COLLEGE TOWN

Athens, Georgia

The Tree That Owns Itself

(Jonathan Boncek)

When Michael Stipe wrote "Shiny Happy People," the R.E.M. front man, a former University of Georgia art student, must have had Athens in mind. The 100,000 residents have a number of reasons to smile:

The indie music scene

Athens is the southern seat of independent music, with R.E.M. playing the part of local boys made huge. It all started in 1979 at Wuxtry Records, where Stipe was a regular and Peter Buck a clerk (197 E. Clayton St., 706/369-9428). They then picked up their other two bandmates, also UGA students, in Athens. R.E.M., the B-52's, and Widespread Panic all played the 40 Watt Club early on in their careers. The club has changed locations a few times; the latest venue, where Sufjan Stevens recently performed, has a tiki bar (285 W. Washington St., 706/549-7871, 40watt.com).

A bulldawg with spirit

Sanford Stadium--despite its 92,746 capacity--sells out well in advance for big football games (877/542-1231, georgiadogs.com). Scoring a ticket is tough without an alumni connection, though it's not impossible; scalpers usually hang around outside. The university's athletic teams are known as the Georgia Bulldogs, and locals twang it out slowly and proudly, spelling it "dawg" on T-shirts. The school mascot, Uga VI, is the latest in a line of English bulldogs. Uga and his ancestors have gained national renown as the stars of a 2004 "dogumentary" called Damn Good Dog, which chronicles 48 years of beloved Ugas--trotted out at the beginning of each game--and the Savannah family that has cared for them. (It's pronounced uh-guh, by the way.)

Spirits with bite

The signature drink at the Manhattan Cafe, a cool dive downtown, is Maker's Mark and Blenheim's spicy ginger ale (337 North Hull St., 706/369-9767). On occasion, aspiring rock stars, emboldened by one too many, play the room.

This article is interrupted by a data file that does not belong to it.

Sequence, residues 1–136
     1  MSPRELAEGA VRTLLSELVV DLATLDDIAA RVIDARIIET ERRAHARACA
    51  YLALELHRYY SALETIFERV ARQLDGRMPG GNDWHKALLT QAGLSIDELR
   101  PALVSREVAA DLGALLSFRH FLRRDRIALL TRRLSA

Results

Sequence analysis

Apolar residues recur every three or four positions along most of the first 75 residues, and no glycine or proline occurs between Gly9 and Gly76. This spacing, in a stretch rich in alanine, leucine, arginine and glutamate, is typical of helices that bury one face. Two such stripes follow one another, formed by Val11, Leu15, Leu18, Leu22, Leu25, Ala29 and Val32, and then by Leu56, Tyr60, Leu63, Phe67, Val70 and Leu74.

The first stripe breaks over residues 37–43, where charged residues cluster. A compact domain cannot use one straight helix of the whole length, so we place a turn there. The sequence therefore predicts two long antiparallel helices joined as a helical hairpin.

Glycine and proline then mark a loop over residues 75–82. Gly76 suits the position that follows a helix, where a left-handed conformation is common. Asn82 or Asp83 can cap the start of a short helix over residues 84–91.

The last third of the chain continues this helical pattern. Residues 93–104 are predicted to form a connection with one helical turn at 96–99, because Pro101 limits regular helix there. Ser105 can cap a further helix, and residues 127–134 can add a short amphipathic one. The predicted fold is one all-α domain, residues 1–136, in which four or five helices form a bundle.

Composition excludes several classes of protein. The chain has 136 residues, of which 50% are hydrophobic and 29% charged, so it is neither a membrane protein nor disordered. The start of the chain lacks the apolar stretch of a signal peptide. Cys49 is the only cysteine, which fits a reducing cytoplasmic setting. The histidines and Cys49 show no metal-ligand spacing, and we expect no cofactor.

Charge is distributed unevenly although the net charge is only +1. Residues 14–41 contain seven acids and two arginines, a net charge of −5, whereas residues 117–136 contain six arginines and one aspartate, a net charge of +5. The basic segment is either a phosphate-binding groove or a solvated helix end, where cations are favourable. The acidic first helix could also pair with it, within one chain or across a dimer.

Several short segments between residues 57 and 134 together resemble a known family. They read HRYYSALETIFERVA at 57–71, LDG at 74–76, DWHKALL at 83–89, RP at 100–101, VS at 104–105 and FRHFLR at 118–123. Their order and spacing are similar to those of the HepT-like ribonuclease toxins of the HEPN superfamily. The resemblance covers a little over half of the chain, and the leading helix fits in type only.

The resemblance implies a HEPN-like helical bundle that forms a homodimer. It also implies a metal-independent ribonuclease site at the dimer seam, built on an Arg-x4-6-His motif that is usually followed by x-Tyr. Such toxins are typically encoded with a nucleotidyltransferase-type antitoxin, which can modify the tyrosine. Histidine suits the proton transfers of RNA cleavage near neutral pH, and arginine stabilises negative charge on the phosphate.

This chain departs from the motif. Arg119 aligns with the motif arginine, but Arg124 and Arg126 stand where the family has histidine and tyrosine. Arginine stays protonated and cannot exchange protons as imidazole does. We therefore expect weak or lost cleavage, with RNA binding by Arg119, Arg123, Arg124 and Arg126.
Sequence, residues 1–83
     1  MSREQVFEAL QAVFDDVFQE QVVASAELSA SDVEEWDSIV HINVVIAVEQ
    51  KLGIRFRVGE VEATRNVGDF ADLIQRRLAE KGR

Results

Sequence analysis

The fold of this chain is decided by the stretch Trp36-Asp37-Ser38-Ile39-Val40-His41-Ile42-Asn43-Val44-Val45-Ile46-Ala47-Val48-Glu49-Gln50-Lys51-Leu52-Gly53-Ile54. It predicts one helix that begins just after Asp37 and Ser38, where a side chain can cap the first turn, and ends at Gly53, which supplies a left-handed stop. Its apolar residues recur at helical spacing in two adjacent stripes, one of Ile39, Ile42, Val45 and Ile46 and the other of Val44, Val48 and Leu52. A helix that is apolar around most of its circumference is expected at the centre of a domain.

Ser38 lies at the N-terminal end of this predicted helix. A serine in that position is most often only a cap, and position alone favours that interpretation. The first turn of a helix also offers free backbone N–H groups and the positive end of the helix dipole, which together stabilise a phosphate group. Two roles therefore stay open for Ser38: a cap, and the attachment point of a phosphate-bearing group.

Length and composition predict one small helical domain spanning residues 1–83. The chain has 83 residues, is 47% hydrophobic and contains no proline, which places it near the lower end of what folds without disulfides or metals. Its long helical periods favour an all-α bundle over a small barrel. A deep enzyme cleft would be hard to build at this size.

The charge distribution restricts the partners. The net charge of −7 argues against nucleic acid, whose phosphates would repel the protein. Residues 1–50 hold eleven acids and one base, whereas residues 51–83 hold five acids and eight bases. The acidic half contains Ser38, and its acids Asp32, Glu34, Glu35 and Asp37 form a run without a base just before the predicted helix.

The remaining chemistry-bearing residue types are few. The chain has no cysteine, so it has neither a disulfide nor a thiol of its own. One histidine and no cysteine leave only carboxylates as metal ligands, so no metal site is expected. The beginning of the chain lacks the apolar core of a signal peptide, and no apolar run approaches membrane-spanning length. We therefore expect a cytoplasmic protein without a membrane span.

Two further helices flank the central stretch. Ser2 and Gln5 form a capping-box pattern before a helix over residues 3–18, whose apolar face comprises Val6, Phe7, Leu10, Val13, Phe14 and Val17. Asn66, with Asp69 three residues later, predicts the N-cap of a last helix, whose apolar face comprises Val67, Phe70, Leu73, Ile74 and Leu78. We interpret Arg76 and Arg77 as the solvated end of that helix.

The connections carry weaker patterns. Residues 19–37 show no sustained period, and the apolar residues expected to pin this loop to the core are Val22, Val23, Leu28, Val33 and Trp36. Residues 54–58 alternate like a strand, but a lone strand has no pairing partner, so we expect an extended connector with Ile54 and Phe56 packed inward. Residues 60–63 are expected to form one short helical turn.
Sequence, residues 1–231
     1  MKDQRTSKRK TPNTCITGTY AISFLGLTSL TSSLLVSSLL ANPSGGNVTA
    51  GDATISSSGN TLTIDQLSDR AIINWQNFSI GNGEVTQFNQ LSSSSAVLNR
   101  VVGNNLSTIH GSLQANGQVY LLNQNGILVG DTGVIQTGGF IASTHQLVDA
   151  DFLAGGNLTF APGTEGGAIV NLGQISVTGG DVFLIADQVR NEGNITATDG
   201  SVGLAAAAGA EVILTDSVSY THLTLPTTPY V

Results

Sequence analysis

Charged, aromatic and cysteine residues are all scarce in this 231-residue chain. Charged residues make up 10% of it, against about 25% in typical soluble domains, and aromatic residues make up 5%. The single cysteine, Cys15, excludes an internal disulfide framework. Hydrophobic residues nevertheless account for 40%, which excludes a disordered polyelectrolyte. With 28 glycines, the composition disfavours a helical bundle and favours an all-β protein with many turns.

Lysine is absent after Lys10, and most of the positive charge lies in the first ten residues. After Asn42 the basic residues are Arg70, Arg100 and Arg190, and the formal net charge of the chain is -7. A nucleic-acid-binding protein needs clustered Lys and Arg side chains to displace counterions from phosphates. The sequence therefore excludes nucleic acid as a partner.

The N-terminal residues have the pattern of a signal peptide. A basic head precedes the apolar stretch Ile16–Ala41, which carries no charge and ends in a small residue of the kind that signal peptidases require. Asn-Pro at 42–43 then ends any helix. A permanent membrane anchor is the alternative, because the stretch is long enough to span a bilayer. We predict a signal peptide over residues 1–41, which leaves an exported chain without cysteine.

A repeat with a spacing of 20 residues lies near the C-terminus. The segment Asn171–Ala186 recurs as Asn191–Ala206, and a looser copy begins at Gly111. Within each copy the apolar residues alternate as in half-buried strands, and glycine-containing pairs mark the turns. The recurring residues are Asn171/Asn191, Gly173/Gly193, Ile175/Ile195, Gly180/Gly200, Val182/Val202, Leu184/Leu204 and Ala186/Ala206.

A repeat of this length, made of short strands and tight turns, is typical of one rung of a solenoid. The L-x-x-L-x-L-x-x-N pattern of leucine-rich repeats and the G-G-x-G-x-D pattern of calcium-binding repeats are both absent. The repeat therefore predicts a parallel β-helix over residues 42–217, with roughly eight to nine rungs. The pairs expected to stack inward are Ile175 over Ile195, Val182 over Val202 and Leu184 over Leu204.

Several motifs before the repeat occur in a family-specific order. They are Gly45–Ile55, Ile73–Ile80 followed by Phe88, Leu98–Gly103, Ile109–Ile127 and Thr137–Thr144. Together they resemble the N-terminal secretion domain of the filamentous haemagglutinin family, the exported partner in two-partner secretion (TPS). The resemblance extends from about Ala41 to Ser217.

Food for the people

Dexter Weaver has been behind the counter at Weaver D's, a soul-food restaurant east of downtown on the North Oconee River, for 19 years (1016 E. Broad St., 706/353-7797). Weaver is marvelously predictable. After he takes an order for plates of fried chicken, mac and cheese, or warm apple cobbler (platter with two sides $8), his favorite thing to say is "Automatic for the people." The phrase--a promise for quick service--went national when R.E.M. got Weaver's permission to use it as the title of the band's 1992 album.

A liberated tree

A white oak on Finley and Dearing streets is known as the Tree That Owns Itself. In 1832, the professor who owned the land deeded the tree--and some land around it--to the tree. When the oak was uprooted in 1942, the Junior Ladies' Garden Club planted its replacement, which the nice ladies continue to keep well-watered today.

Many green acres

Grand Oaks Manor B&B, five miles outside of town, is an impressive 1820 antebellum mansion on a 34-acre estate (6295 Jefferson Rd., 706/353-2200, grandoaksmanor.com, from $129). The full breakfast, included in the nightly rate, regularly features caramel apple French toast and is served in proper southern style--on china, of course.

Note:This story was accurate when it was published. Please be sure to confirm all rates and details directly with the companies in question before planning your trip.
 

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